Peisistratus Essay (650 words not including sources)
The statement “The rule of Peisistratus was oppressive and the polis of Athens and its people suffered because of this” is untrue. Following the departure of Solon, Athens endured a period of factional disturbances, as the old social rifts re-appeared. With this strife arose three new factions of society, named after the districts in which they lived. The Plain of wealthy Eupatrids; the Coast, of middle classes; and the Hill, led by Peisistratus, consisting of the poor and discontented Thetes. Twice expelled, Peisistratus recovered his power securely as a tyrant on his third attempt; ruling until his death. Undertaking numerous socio-political, economic and cultural measures it can be said that Peisistratus succeeded where Solon had failed.
“Following the example of Solon,” Plutarch states, Peisistratus furthered the reform of ‘seisachtheia’ (the shaking off of burdens). Upon becoming tyrant, he seized the land of the nobles who opposed him or fled, redistributed it among the Thetes. He enabled loans to be secured on easy terms. He retained the majority of Solon’s laws “being the first to observe them himself”. Aristotle provides evidence to support this in source one “Peisistratus ... administrated the city’s affairs with moderation and constitutionally rather than like a tyrant.” In spite of this, Aristotle contradicts himself in source four stating “the tyrant is the integrator of wars.” This is incorrect, in the case of Peisistratus, as he created a local judiciary for the people, replacing the tribal judiciary systems. Travelling judges tried cases throughout Attica, keeping the populace out of the city, so they would not “meanwhile neglect their work”. Peisistratus cultivated peace and watched over it in a time of tranquillity.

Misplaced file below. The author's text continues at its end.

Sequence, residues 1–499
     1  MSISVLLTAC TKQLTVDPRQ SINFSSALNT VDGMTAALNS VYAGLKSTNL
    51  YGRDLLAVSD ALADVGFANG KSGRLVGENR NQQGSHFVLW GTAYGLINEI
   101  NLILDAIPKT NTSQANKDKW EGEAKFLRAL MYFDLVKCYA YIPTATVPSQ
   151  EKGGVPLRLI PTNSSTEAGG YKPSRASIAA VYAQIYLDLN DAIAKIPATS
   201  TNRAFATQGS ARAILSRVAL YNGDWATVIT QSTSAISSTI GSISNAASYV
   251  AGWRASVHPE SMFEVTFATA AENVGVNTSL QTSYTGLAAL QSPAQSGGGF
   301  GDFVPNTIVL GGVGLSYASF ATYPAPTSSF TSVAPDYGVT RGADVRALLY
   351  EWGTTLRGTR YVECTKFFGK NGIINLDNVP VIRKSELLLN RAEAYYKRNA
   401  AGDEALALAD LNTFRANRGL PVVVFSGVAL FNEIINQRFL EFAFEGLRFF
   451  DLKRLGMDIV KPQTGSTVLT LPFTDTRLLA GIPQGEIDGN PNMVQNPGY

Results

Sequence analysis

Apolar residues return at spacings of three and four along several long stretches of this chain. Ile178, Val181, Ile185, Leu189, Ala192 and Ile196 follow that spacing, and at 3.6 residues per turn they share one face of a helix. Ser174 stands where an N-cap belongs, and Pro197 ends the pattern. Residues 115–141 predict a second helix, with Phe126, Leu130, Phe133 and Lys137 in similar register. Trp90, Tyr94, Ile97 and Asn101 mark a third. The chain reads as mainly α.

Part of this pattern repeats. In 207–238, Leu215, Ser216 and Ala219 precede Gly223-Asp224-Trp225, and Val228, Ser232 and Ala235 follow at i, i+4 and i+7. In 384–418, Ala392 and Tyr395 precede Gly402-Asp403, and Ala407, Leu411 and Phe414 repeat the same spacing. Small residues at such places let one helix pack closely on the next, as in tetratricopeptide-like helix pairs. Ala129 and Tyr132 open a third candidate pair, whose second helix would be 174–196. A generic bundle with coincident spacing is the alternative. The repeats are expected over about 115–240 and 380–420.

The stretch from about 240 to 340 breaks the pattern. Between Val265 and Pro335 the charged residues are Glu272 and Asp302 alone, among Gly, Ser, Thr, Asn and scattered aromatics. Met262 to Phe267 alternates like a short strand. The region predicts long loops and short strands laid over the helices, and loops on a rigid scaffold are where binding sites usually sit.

Peisistratus, with his economic measures and foreign affairs challenged the...